out of the darkness: women struggle with sexual addictions, too

last summer i had a series of interviews on the carnival called “out of the darkness. i have been meaning to get a few more of these interviews up for a while and am finally getting around to it.  if you are new here, you may have missed some of the series of interviews i’ve done.  in addition to out of the darkness, there’s a series called “a view from the margins” & another is signs of hope.” if you haven’t read them yet, they are some really beautiful stories from my friends about their journey & life & hope & story.  here’s the interviews that i posted last summer in the out of the darkness series. they cover a range of topics that are often not talked openly about “in church.”

i have so many brave friends who are willing to tell their story.  i really believe in the power of true-story-telling.  to me, “the church” should be the safest place on earth to share our real stories & find hope & healing.  i have a few new interviews that i will be sharing this week that explore some other topics.

most people i know are struggling with some kind of addiction–drugs, alcohol, work, relationships, food, approval, church, and everything in between.  one addiction that doesn’t get much attention but is rampant & typically very hidden in the darkness is women’s sexual addiction.   over the past years we’ve had a lot of focus on men’s sexual addiction but very little conversations about women who struggle, too. i have been privileged to journey with some brave women along the way who have said out loud “i can’t stop looking at porn” or “i am having an affair” or “i am always fantasizing about sexually inappropriate things.”  almost every time, they think they are the only one, but in reality there are many in the same boat, wrestling with the same feelings of guilt & shame.  i have also seen what can happen when the truth gets exposed to the light & shame’s power is destroyed.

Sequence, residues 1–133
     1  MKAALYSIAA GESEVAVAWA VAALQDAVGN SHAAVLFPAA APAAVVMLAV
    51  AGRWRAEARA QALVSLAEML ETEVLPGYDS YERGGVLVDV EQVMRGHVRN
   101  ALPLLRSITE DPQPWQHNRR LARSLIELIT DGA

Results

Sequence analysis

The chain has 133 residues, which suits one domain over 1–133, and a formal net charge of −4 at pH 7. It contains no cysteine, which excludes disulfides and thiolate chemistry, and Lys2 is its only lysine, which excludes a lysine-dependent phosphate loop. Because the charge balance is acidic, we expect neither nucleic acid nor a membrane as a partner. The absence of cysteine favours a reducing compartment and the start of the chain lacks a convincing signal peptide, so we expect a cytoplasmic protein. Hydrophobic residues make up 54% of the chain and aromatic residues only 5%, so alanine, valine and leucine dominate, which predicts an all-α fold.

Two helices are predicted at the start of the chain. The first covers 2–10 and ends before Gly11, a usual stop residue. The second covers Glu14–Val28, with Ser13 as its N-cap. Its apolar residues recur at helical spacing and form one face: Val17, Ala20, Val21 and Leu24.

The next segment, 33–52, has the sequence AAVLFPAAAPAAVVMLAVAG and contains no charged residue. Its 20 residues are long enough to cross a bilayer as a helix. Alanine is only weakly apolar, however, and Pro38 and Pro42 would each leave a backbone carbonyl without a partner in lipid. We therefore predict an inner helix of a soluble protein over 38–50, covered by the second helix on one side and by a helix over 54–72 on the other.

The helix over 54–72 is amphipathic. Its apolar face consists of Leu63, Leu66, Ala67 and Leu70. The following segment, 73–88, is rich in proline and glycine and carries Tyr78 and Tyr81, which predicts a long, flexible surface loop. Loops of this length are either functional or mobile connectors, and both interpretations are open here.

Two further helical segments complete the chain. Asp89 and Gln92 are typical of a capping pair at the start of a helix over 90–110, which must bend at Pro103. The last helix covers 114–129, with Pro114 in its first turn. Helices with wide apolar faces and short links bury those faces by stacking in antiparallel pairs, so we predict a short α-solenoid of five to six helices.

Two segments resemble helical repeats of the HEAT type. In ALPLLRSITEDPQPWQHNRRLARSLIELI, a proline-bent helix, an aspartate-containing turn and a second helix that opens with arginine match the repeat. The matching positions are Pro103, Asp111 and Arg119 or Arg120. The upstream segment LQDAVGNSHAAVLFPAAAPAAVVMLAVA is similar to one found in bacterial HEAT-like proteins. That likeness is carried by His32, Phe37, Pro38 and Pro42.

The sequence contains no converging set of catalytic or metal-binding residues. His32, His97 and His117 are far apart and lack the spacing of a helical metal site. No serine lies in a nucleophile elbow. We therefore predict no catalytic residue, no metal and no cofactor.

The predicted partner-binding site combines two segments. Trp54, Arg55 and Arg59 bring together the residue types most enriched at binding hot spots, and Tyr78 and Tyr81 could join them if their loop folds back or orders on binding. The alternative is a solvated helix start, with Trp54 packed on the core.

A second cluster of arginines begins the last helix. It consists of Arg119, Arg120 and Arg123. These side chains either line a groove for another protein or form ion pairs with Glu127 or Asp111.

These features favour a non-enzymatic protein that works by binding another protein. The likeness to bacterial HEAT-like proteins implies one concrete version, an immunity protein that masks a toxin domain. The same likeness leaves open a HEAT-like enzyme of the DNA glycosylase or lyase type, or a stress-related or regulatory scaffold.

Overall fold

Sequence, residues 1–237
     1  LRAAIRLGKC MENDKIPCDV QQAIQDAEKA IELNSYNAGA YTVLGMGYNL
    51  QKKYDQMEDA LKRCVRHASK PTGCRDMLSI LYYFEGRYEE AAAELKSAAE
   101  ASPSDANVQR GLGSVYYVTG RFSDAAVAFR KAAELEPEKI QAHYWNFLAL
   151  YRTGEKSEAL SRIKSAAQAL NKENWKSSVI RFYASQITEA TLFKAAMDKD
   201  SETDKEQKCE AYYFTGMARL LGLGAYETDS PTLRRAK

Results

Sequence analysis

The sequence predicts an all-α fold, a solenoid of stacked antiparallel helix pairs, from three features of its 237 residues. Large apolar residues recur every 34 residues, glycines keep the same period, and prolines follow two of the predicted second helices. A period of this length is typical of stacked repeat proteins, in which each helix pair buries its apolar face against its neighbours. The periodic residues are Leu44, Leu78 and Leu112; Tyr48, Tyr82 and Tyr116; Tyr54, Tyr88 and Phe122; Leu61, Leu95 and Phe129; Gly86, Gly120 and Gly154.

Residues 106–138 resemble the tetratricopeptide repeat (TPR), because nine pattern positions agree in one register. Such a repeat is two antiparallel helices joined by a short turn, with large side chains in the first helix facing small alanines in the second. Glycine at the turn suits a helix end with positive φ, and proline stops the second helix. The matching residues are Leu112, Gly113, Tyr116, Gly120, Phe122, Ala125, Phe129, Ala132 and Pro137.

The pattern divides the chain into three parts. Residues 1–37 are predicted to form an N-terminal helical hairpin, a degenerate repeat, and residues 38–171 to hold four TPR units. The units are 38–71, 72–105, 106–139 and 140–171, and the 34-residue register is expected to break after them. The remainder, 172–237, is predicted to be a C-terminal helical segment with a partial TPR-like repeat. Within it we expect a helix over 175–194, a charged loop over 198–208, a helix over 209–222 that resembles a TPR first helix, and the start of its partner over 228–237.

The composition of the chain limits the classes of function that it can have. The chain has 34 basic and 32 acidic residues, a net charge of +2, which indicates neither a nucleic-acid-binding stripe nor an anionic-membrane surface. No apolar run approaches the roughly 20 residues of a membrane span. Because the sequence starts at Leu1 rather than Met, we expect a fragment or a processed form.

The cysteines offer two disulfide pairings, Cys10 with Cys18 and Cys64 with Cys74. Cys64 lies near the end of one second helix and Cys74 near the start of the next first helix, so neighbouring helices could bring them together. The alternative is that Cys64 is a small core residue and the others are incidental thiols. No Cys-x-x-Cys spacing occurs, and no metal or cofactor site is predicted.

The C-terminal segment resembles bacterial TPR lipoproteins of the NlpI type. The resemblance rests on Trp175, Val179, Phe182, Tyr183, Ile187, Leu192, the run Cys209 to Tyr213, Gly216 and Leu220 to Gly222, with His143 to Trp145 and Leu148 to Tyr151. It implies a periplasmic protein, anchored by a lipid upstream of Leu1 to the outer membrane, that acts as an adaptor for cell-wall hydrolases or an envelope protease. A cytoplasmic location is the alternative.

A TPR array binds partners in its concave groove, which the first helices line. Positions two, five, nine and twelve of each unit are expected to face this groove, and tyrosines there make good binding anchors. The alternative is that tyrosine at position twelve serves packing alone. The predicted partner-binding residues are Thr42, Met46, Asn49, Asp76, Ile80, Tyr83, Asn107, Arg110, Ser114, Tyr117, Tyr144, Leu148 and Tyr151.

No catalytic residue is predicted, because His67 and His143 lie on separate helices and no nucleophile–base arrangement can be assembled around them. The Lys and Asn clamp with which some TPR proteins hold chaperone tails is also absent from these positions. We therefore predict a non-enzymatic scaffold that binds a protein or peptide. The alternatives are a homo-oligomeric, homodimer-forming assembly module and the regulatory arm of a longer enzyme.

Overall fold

* * * * *

meet “sarah”.  she spent most of her christian experience keeping her shameful experience hidden, and in the past few years has learned to bring her story into the open & experience another layer of God’s healing. listen in on a bit of her journey (warning:  this isn’t for all eyes and ears. some of it might be too much for some so use caution reading).

  • share a little bit about what your spiritual journey, what your family background and experiences with God have been like.

Throughout my whole life, I’ve been into God, to some degree. I grew up in a mainline Protestant denomination. We went to Sunday School and church every Sunday and then, as a teen, I went to Youth Group. As I look back, I can see that God was mostly about being good–shoulds and oughta do’s and an awful lot of lip service!  In my Freshman year of college, I actually heard about entering into a personal relationship with Jesus, and I responded in my heart with “I like the idea of all this love-me stuff. I think I want God to be in my life more.” I began to attend Bible Studies and, for a couple of summers, even participated in outreach activities – seeking to interest people in seeking after God. After getting married, church and God-stuff was a priority in our lives. Experiences with God have included a lot of a-ha’s through journaling & conferences that teach about different aspects of God-stuff as well as encouraging me to trust Him in new ways. Slowly but surely, He’s been there to change my oughta-do’s into wanna-do’s.